Protective effects of hesperidin in experimental testicular ischemia/reperfusion injury in rats
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Submission date: 2014-04-22
Final revision date: 2014-06-21
Acceptance date: 2014-06-22
Online publication date: 2015-01-14
Publication date: 2016-08-31
Arch Med Sci 2016;12(5):928–934
Introduction: In this study, we aimed to determine the protective effects of hesperidin, a citrus flavonoid, in a model of testicular ischemia/reperfusion injury in rats.
Material and methods: Forty-two pubertal male Wistar-Albino rats were divided into six groups: group 1 – control; group 2 – 50 mg/kg hesperidin (low dose hesperidin) used without torsion (LH group); group 3 – 100 mg/kg hesperidin without torsion (HH group); group 4 – torsion/detorsion group (T/D); group 5 – T/D + 50 mg/kg hesperidin treatment group (T/D + LH); and group 6 – T/D + 100 mg/kg hesperidin treatment group (T/D + HH). Hesperidin was given to the treatment groups 30 min before detorsion. After the fourth hour of reperfusion, orchiectomy was performed on the rats under anesthesia. The tissue samples were examined histologically and biochemically.
Results: In the T/D group testicular malondialdehyde (MDA) levels were increased significantly (p < 0.001) whereas superoxide dismutase (SOD), catalase (CAT) and glutathione (GSH) levels were decreased compared to the control and other groups. However, hesperidin caused the effect of T/D to become closer to normal biochemical values. In addition, the histological examinations showed that T/D caused damage in the testis but hesperidin reduced this effect. The effects of hesperidin were found to be dose dependent. Thus, applying high doses would generate greater therapeutic effects.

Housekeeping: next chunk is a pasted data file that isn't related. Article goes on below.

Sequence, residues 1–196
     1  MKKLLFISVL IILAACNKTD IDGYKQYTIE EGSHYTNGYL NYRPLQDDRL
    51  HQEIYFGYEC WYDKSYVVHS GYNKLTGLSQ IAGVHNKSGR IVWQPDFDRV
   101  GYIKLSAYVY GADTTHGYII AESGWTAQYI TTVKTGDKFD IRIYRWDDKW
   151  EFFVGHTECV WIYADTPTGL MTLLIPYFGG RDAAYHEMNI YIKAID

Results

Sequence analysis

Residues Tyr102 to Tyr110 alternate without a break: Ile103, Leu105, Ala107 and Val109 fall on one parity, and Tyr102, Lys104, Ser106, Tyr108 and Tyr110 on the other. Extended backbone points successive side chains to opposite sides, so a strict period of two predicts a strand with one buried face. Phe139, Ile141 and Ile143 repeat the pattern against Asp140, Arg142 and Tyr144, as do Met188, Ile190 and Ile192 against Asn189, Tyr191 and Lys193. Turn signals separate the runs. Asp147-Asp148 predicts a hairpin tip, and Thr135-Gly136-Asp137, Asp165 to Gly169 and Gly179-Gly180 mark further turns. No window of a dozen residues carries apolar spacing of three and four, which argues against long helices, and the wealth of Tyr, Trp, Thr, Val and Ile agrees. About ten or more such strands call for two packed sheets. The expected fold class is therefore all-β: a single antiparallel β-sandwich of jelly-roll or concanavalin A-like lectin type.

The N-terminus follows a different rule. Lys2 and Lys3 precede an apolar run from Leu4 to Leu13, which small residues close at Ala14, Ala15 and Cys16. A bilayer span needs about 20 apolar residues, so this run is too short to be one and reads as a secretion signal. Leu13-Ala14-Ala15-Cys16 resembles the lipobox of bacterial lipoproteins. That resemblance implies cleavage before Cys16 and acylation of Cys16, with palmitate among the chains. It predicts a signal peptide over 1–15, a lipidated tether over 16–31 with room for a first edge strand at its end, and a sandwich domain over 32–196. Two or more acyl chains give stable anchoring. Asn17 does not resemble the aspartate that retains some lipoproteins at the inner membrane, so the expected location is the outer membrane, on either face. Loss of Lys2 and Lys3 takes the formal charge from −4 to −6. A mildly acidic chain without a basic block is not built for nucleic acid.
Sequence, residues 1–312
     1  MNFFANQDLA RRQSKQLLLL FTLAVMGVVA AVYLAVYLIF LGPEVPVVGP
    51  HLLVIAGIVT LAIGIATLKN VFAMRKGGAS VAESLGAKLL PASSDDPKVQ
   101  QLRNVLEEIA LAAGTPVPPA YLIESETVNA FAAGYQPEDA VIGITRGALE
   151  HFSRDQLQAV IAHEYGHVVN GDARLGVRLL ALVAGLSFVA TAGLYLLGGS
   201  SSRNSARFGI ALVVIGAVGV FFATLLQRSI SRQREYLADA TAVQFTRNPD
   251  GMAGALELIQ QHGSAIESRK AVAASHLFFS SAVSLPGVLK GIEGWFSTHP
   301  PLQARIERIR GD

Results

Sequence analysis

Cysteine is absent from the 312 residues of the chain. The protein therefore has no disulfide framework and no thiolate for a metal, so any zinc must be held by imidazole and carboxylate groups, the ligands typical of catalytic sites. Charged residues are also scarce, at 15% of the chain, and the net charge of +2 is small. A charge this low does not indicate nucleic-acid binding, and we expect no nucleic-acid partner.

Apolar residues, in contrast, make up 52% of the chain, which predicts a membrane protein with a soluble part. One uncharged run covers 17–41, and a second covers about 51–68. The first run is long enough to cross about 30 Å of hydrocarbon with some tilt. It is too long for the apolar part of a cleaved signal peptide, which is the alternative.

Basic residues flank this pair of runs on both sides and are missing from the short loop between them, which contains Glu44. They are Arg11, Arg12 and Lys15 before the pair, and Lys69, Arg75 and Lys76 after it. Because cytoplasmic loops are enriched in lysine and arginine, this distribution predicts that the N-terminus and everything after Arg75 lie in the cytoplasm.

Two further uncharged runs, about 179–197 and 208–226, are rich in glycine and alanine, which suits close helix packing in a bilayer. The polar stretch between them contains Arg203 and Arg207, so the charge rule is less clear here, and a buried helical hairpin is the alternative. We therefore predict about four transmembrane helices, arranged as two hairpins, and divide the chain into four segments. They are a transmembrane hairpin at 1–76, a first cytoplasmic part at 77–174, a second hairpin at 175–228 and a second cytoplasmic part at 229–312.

Conclusions: In a rat testicular T/D model we observed biochemical and histological damage due to ischemia. However, high and low dose applications of hesperidin were shown to have protective effects against this damage. Therefore, the aforementioned citrus flavonoid may provide positive results in cases of testicular torsion.